Sala (S8) Palexco | Friday June 7th | 5:00 pm | Free entry to all venues until full capacity. It will not be possible to enter the venues after the screening has started

Gaëlle Rouard | 2022 | France | 16 mm | 70 min

Handmade film in two parts, exploring a rural landscape with mythical connotations. The film is a diptych – first part: Prelude, second part: Oraison.

Darkness, darkness, burning bright

In the forests of the night

Vast flowered paths, fresh branches,

Groves full of perfumes, birds and whispers, 

Site often seen again, and always contemplated


Darkness, darkness, burning bright

In the forests of the night

And the mad impulse of this distraught soul,

And that had, the forehead circled in copper, under the moon


Frail herbs, tender branches, hollyhocks,

And the shadow that brushes and the wind that knots,

And strongly, with the fists of its clouds,

On the greenish horizon, crushes suns.



In ancient times, creating pigments was a very important part of painters’ work and routines. Resorting to bizarre materials, they tried to imitate or surpass the colours of nature: pulverised clays and rocks treated with fire or with other substances; wood or bones charred into powder, then mixed with fats, gums or waxes in order to be applied. They used minerals such as cadmium sulphide (yellow), iron oxide (red), chromium oxide (green) and ferrocyanides (Prussian blue); animals like cochineal (carmine red), and several species of sea snails (purple), as well as plants to create indigo blue. Indian yellow is even believed to have been produced by collecting urine from cattle fed only mango leaves. The Flemish painter Jan van Eyck did not generally use blue in his works, since it was obtained from the powder of semiprecious stones such as lapis lazuli—a great luxury that had to be paid for. The search for colour, for perfect tones, was an alchemy-like adventure before the age of industrial production. 

The arrival of cinema—and colour cinema—also brought with it an endless number of colour processes, at one point more-or-less limited to conventions with industrial colour emulsions. Nevertheless, in this world of prefabricated products there are filmmakers who, like Flemish and Renaissance painters, seek out substances to give them the perfect tones and saturations, experimenting with photochemistry, emulsions, developing times and temperatures to find other-worldly visions. This is what Gaëlle Rouard does in her atelier-laboratory in a house in the French countryside. Rouard’s quest is a patient one: her journey in cinema began in the 90s, in the early years of the MTK self-run artists’ laboratory in Grenoble (one of the first of its kind in the world), in which she played an important part: she headed the laboratory from 1996 to 2006. During those years at MTK, Rouard opened up to experimentation and accidents, getting to know her materials well. In doing so, she came up with new discoveries, often working with found footage and creating images for collective multi-projector performances. Her first solo film also came upon separating from MTK: Unter, in 2011. Then, she was to slowly shift towards the images created by herself that she films, thinking about ways to develop and alter them photochemically afterwards. 

For the most part, Rouard’s films are composed of images of the natural world. And it is correct here to use the verb “compose”, since they are often an almost imperceptible collage in which one image is inserted into another, or else several images emerge from the darkness; impossible landscapes. Her films often lead us to think of a world of shadows containing everything, parts of which are illuminated, revealing wonders hidden from view that only appear when touched by her camera. Occasionally, the different parts that said image contains move at different speeds, thus accentuating the magical halo inundating all of her film work. Rouard’s moving film-paintings induce meditative, mystical states, and hence each and every projection feels like a kind of liturgical ceremony. The supernatural, unfamiliar colours resulting from her work with the chemistry of cinema are part of that power, as is the sound. Rouard works on this part of her films with a kind of activity and intensity similar to that of the images. Her soundtracks are collages that include natural and human noises, music, bells, fuzzy samples from old films, intentional silences, field recordings, and more.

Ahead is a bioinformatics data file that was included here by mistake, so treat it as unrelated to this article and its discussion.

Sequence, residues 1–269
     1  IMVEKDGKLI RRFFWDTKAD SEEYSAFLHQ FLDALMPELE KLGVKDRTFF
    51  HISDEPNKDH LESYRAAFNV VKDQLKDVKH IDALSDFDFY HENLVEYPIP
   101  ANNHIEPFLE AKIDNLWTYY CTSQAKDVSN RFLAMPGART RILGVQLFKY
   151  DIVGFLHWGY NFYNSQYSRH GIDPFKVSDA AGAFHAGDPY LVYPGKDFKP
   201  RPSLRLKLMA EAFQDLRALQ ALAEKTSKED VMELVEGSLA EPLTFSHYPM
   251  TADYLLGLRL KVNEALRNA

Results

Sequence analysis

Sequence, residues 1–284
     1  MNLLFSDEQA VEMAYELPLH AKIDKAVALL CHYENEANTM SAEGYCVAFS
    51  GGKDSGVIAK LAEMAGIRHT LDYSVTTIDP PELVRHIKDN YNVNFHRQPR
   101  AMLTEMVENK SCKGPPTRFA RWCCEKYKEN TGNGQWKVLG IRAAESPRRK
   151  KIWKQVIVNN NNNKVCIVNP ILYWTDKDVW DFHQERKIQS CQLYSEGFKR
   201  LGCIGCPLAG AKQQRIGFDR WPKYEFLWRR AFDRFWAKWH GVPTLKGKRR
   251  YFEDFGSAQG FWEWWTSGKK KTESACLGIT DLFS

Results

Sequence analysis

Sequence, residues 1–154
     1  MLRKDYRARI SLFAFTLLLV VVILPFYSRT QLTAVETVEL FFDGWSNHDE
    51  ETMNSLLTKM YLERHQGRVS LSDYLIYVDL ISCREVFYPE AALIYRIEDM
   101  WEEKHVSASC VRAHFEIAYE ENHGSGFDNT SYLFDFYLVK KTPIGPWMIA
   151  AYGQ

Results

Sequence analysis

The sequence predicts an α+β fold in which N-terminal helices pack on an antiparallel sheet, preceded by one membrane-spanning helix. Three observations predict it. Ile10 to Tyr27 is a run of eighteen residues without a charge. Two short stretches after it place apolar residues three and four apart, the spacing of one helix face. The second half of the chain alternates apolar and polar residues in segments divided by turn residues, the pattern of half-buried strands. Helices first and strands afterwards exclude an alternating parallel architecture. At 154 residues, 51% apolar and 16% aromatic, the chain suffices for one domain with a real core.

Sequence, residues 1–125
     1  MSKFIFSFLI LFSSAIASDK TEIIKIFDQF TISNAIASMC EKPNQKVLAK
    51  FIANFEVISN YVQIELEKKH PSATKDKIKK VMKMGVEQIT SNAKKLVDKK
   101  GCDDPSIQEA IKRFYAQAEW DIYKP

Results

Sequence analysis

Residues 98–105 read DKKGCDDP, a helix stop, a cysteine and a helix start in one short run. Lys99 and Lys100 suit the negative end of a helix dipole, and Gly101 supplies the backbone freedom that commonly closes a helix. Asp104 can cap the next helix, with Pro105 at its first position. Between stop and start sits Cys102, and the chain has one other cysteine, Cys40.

In the programme we are dedicating to her, on the one hand she herself will be projecting her feature film Darkness, Darkness Burning Bright, while we will also be hosting the performance screening of some of her works in the Overflows (desbordamentos) section. There are films like Les noces rompus (2014) in which she uses found footage, just like in Unter (2011), populated with maritime images. In these subtle performances, Rouard halts the film, intervening in it live by placing anamorphic lenses and prisms in front of the projector’s shaft of light, in addition to other actions. 

Darkness, Darkness Burning Bright is composed of two parts: Prelude and Oraison. As Rouard points out, the copy that she usually projects is in fact not a copy, but the film’s original: she does not work in negative but in reversible, or with solarised film, so that what we see is what comes out of her painter-filmmaker’s atelier. The film takes us through a dark, twilight landscape where the light seems to emanate directly from the animals, the mountains, the trees, the plants. There are rhymes between images; there are recurrent sounds. We enter a natural world that does not seem to be from this one; those watching the film have their emotional state altered beyond remedy. This is how the liturgy emanating from the emulsion spills over us, since the projection of Darkness, Darkness Burning Bright is a veritable ceremony for those “cinema believers” of whom José Val del Omar spoke.

Elena Duque